[Numpy-discussion] Numpy-discussion Digest, Vol 6, Issue 20

James A. Bednar jbednar@inf.ed.ac...
Fri Mar 9 14:04:56 CST 2007


|  Date: Fri, 9 Mar 2007 06:58:32 -0800
|  From: "Sebastian Haase" <haase@msg.ucsf.edu>
|  Subject: Re: [Numpy-discussion] Numpy-discussion Digest, Vol 6, Issue 18
|  To: "Discussion of Numerical Python" <numpy-discussion@scipy.org>
|  
|  On 3/9/07, James A. Bednar <jbednar@inf.ed.ac.uk> wrote:
|  > |  From: Robert Kern <robert.kern@gmail.com>
|  > |  Subject: Re: [Numpy-discussion] in place random generation
|  > |
|  > |  Daniel Mahler wrote:
|  > |  > On 3/8/07, Charles R Harris <charlesr.harris@gmail.com> wrote:
|  > |
|  > |  >> Robert thought this might relate to Travis' changes adding
|  > |  >> broadcasting to the random number generator. It does seem
|  > |  >> certain that generating small arrays of random numbers has a
|  > |  >> very high overhead.
|  > |  >
|  > |  > Does that mean someone is working on fixing this?
|  > |
|  > |  It's not on the top of my list, no.
|  >
|  > I just wanted to put in a vote saying that generating a large quantity
|  > of small arrays of random numbers is quite important in my field, and
|  > is something that is definitely slowing us down right now.
|  >
|  > We often simulate neural networks whose many, many small weight
|  > matrices need to be initialized with random numbers, and we are seeing
|  > quite slow startup times (on the order of minutes, even though
|  > reloading a pickled snapshot of the same simulation once it has been
|  > initialized takes only a few seconds).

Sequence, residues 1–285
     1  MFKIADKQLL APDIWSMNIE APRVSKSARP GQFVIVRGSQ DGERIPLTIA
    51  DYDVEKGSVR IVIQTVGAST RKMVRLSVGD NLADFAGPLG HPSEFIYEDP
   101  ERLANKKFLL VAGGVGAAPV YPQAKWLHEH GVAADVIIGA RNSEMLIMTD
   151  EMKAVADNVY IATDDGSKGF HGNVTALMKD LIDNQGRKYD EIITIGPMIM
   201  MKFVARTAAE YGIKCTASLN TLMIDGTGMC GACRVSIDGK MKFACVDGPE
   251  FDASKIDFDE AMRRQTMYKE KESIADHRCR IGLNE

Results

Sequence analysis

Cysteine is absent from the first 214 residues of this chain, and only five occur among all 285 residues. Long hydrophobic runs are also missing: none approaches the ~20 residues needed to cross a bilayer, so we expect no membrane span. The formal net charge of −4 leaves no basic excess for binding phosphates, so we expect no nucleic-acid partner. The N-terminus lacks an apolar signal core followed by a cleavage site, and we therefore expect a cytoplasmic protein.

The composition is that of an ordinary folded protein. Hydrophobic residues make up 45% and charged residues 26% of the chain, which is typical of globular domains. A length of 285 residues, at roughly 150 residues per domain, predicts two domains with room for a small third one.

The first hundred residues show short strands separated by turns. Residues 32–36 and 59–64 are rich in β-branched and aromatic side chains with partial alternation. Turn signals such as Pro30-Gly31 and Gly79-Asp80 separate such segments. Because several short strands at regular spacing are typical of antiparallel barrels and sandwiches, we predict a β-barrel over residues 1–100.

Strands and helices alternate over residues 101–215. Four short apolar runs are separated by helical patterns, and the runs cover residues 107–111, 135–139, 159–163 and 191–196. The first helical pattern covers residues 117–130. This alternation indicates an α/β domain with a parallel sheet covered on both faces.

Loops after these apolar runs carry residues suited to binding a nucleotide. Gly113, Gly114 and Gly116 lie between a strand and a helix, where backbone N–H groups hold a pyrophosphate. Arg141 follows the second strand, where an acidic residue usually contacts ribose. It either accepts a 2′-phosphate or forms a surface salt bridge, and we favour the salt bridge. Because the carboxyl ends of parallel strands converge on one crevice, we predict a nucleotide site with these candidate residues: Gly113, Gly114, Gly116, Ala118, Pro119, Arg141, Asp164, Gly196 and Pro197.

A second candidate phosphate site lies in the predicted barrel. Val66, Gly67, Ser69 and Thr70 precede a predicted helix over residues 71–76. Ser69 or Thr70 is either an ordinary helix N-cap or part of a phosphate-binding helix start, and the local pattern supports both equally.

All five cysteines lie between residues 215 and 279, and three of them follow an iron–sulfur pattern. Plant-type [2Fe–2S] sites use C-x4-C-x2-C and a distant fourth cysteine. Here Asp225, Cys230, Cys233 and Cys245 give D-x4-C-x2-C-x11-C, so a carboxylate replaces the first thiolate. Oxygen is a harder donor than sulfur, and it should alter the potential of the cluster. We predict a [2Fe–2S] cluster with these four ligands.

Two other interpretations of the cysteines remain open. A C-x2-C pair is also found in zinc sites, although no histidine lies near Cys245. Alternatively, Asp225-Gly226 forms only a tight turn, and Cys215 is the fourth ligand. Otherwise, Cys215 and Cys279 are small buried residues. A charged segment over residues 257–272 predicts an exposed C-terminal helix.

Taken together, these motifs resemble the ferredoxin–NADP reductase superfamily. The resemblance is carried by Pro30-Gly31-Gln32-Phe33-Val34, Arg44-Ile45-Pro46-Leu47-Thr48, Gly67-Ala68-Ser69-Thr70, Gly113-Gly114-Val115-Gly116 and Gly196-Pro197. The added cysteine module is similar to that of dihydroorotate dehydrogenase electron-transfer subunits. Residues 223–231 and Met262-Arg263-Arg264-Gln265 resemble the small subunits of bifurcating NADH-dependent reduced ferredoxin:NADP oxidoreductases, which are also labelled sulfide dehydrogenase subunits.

|  >
|  > The quality of these particular random numbers doesn't matter very
|  > much for us, so we are looking for some cheaper way to fill a bunch of
|  > small matrices with at least passably random values.  But it would of
|  > course be better if the regular high-quality random number support in
|  > Numpy were speedy under these conditions...
|
|  Hey Jim,
|  
|  Could you not create all the many arrays to use "one large chunck" of
|  contiguous memory ?
|  like: 1) create a large 1D array
|  2) create all small arrays in a for loop using
|  numpy.ndarray(buffer=largeArray[offset], shape=..., dtype=...)  ---
|  you increment offset appropriately during the loop
|  3) then you can reset all small arrays to  new random numbers with one
|  call to resetting the large array ((they all have the same statistics
|  (mean,stddev, type), right ?

In principle, I *think* we could make that work.  But we maintain a
large object-oriented toolkit for computational neuroscience (see
topographica.org), and we try to let each object take care of its own
business as much as possible, so that people can later swap things out
with their own customized versions.  That's hard to do if we set up
global dependencies like this, and the results are quite difficult to
maintain.

Of course, we can and do put in optimizations for certain special
cases, but I suspect that it will be simpler in this case just to add
some fast-and-dirty but general way to fill small arrays with random
values.  Still, it would be much simpler for us if the basic numpy
small random array support had less overhead...

Jim


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